I’ve thought about writing this all week, but haven’t found the right words. I wasn’t sure how I could write about something so intensely personal, something that people in general just don’t talk about – mainly because it’s not something we know how to talk about. But today marks the last day of National Infertility Awareness Week, so it’s time for me to figure out how to talk about it.
As my friend Kym (Moxie) pointed out, infertility doesn’t end when you finally become a parent. It’s not something that has a sudden “cure.” Beyond that there are so many causes and variants that most of the well-meaning advice people give doesn’t apply. My personal infertility is due to a malformed uterus. Sure, I can GET pregnant, but I can’t STAY pregnant full term. I thank God every day that even though I delivered my son very early, my body managed to hold onto that pregnancy longer than all the others, long enough for him to be big enough and strong enough to fight for his own life in the NICU.
When we first began fighting to have a family, I thought that once we had children, I’d be able to close my eyes to where I had been – that it would become nothing more than something that “happened.” But it definitely didn’t turn out that way for me. It tested my faith in God; it tested my marriage; it changed who I am as a person and how I view the world. While watching coverage of the Royal wedding, I listened to the prayer for them to have a family and my first thought was, “I hope they’re not infertile – I can’t imagine going through that with the world watching and giving ‘helpful’ advice.”
And of course, infertility has changed the way the family we have looks. We always planned to have “children” in the plural. Scott wanted 2, I wanted 3 – but that was something I was sure we would figure out in time. But the emotional toll of infertility and the premature birth of our son, coupled with the risks of subsequent pregnancies were too much for him. He doesn’t want to step back into those waters. So I’m left with an intense gratitude for the family that I have and feeling a deep loss for the family I could have had. It’s likely that I’ll ever know what it feels like to have a daughter (a daughter I have imagined since I was a little girl playing with my dolls, a little girl whom we had already chosen to name Kathryn Grace). In the picture of our family that I’ve carried in my mind since we got married, I now have to erase the little girl with long dark hair. I have to stop dreaming of Girl Scouts and ballet classes and shopping for prom dresses.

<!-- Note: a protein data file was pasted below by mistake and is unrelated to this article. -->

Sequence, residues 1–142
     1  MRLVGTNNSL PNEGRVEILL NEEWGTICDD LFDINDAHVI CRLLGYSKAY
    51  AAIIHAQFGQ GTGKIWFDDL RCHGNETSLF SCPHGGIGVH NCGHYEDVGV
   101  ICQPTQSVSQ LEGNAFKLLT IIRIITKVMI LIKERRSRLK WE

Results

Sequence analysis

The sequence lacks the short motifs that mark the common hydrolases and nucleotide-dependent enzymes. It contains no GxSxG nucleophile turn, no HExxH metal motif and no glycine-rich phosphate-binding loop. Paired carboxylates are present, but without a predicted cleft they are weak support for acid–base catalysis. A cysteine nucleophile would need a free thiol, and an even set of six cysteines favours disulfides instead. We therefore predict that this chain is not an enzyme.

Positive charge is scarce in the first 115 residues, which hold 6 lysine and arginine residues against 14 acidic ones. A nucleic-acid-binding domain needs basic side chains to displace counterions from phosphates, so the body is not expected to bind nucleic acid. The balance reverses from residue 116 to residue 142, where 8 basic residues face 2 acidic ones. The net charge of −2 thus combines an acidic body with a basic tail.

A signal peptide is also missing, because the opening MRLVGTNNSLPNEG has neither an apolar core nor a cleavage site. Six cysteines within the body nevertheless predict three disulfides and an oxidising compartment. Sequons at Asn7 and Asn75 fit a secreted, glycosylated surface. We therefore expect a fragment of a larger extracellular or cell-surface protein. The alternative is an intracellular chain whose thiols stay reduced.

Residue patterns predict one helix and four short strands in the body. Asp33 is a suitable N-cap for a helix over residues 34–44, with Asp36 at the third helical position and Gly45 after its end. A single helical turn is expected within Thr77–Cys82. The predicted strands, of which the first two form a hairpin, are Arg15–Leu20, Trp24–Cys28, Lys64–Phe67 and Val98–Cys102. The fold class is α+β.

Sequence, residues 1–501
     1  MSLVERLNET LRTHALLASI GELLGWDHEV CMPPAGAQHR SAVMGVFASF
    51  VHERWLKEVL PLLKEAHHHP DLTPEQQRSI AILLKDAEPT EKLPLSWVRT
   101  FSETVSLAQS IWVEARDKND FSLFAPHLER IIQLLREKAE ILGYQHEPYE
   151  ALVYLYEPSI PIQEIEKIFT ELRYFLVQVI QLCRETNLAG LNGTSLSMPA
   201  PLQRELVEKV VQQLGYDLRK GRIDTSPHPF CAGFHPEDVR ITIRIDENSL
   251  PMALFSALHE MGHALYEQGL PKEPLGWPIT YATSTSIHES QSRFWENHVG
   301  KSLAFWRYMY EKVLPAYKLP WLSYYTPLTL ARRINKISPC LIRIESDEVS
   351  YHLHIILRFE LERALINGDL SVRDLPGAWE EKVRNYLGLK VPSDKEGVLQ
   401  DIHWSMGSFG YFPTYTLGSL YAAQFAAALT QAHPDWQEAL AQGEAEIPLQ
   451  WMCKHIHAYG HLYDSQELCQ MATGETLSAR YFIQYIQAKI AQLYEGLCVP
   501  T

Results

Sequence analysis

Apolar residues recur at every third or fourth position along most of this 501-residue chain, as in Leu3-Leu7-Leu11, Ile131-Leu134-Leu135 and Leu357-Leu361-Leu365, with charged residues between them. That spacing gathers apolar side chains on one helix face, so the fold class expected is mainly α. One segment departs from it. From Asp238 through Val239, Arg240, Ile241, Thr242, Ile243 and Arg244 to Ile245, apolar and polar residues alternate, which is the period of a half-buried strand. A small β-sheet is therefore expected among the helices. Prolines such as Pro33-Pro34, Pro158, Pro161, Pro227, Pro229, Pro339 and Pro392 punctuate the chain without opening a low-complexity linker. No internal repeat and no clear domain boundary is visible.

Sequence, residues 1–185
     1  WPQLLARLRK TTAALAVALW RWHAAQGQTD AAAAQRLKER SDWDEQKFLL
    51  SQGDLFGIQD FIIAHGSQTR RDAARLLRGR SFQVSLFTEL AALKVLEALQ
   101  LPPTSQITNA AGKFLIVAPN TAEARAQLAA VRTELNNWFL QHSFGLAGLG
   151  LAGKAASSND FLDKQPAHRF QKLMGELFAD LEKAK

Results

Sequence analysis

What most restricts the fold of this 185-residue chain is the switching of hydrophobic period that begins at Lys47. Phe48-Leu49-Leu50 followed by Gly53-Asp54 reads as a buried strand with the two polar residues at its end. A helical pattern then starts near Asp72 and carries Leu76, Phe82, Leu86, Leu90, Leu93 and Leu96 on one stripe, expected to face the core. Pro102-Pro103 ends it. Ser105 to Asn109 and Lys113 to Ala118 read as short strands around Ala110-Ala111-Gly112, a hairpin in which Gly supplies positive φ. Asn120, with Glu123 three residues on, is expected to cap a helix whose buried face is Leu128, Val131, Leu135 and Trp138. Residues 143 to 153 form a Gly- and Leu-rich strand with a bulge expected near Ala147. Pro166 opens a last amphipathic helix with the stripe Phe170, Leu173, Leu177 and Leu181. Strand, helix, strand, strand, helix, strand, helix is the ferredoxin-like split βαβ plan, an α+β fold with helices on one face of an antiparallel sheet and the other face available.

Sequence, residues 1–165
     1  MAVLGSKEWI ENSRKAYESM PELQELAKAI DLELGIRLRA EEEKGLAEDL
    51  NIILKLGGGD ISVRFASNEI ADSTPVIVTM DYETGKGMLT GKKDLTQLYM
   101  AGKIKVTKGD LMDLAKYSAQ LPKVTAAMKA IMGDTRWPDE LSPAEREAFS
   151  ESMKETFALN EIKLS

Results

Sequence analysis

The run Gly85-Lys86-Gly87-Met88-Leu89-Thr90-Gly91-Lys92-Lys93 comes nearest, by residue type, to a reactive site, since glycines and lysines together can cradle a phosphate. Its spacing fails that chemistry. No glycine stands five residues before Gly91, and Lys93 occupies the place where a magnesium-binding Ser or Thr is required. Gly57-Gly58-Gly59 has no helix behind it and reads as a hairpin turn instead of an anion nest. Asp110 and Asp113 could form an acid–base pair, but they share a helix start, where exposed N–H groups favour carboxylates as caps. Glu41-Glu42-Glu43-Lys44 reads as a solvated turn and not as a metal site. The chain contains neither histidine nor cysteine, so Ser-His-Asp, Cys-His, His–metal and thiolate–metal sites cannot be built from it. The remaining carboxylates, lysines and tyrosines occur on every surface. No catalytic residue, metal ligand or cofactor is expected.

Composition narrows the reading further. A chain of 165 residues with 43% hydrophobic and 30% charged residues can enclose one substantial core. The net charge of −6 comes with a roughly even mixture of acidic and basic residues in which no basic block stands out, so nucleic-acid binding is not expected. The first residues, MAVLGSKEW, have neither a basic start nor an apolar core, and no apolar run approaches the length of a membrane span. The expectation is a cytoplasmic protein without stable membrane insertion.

My friend is right. Infertility isn’t over when you have a child. My issues can’t be fixed. The emotional scars remain alongside the physical ones. It hurts less most days, but those wounds are still there. I will never be exactly who I was before. I wish that I could be, that things could have been different. I’m just happy every day that I was finally able to carry a pregnancy long enough to have a son even more incredible than anything I could have imagined him to be. And while I’ll always wonder “what if” I know that being his mother is enough.